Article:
FIG. 1 illustrates in block diagram form an integrated circuit memory 20 in accordance with the present invention. Memory 20 includes memory array 22, row decoders 24, column decoders 26, input circuits 27, preset programming logic 28, and output circuits 30. Memory array 22 includes memory cells arranged in a matrix of row and columns and connected to word lines and bit line pairs. The memory cells of memory array 22 are represented by memory cells 31-36 and are located at intersections of word lines and bit line pairs. Word lines labeled "WL1 ", "WL2 ", and "WL3 " are connected to row decoders 24 and run across array 22. Bit line pairs are connected to preset programming logic 28 and extend to output circuits 30. Memory cells 31, 32, and 33 and bit line pairs labeled "BLA "/"BLA *", and "BLB "/"BLB *" comprise a column of memory cells. (Note that an asterisk after a signal name indicates that the signal is a logical complement of a signal having the same name but lacking the asterisk.) Memory cells 34, 35, and 36 and bit line pairs labeled "BLC "/"BLC *", and "BLD "/"BLD *" also comprise a column of memory cells.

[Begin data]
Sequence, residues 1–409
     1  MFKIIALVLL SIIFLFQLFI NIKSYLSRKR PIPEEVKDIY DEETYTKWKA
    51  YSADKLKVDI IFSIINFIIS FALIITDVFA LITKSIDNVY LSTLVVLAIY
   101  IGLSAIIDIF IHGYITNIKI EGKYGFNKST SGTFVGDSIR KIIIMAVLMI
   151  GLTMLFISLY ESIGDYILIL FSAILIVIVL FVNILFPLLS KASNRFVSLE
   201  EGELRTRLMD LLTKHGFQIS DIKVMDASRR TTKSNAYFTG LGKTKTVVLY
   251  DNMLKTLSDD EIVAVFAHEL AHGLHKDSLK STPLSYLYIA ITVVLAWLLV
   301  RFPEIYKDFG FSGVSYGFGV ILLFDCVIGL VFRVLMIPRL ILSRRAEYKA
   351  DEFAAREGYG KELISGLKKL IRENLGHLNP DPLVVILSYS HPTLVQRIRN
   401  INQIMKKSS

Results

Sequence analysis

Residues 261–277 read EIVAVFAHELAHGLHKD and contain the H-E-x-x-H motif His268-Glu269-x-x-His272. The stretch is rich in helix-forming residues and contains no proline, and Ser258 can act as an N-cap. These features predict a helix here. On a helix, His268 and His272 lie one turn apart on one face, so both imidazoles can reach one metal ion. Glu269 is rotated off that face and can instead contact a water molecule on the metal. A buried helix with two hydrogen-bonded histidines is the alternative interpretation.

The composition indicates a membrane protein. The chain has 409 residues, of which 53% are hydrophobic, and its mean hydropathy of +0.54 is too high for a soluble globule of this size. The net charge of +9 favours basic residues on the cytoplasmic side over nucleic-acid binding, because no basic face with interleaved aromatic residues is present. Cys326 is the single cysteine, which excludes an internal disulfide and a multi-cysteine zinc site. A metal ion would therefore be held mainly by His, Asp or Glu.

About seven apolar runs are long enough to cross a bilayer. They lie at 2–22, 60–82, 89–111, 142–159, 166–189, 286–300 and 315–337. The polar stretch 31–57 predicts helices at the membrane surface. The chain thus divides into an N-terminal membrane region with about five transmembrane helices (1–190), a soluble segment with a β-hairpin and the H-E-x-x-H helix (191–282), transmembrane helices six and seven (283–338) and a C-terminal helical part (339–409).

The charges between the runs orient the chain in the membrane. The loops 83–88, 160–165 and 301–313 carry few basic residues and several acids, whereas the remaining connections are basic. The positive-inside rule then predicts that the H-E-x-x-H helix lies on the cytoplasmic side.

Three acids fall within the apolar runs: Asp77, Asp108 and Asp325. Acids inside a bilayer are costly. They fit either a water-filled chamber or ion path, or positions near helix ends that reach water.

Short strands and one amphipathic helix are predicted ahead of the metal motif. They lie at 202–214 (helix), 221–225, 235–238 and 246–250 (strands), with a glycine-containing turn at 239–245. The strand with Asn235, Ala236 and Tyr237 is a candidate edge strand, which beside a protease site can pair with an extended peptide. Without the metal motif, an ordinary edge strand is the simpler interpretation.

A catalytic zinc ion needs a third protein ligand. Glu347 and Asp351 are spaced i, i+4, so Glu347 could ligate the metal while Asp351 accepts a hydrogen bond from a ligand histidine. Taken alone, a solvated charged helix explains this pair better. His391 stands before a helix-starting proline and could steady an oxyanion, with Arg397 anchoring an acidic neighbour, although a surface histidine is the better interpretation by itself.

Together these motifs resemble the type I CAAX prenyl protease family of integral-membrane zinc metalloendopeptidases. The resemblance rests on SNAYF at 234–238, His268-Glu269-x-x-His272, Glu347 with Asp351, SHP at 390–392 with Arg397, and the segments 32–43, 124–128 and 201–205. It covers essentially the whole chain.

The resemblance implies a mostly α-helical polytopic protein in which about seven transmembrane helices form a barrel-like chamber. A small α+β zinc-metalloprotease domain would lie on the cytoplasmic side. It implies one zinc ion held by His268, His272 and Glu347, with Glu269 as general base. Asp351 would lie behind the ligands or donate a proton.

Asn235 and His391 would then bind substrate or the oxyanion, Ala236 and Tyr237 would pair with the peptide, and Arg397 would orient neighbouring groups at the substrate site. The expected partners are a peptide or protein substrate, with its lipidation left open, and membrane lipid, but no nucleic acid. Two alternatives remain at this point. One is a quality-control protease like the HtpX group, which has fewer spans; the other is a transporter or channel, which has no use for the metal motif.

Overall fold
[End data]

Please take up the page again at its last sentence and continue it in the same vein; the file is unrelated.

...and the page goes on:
Column decoders 26 receives address signals labeled "COLUMN ADDRESS", and is coupled to memory array 22 through preset programming logic 28. Preset logic 28 receives two control signals labeled "PRG*/PRG", and is coupled to each bit line pair of memory array 22. Control signals PRG*/PRG are complementary control signals for activating a programming cycle of memory 20. Control signals PRG*/PRG can be provided by the user, or can be internally generated upon power-up of the system, or on some other predetermined occurrence. Row decoders 24 receives address signals labeled "ROW ADDRESS", and is coupled to each word line of memory 20. Input circuits 27 receive input data signals labeled "DATA IN" during a write cycle of memory 20, and are coupled to column decoders 26. Output circuits 30 are coupled to each bit line pair of memory array 22, receive control signals PRG*/PRG, and provide data signals labeled "DATA OUT" during a read cycle of memory 20. Input circuits 27 includes bit line loads, data input buffers write drivers and other circuits for inputting data. Output circuits 30 includes sense amplifiers, data output drivers and other circuits for outputting data.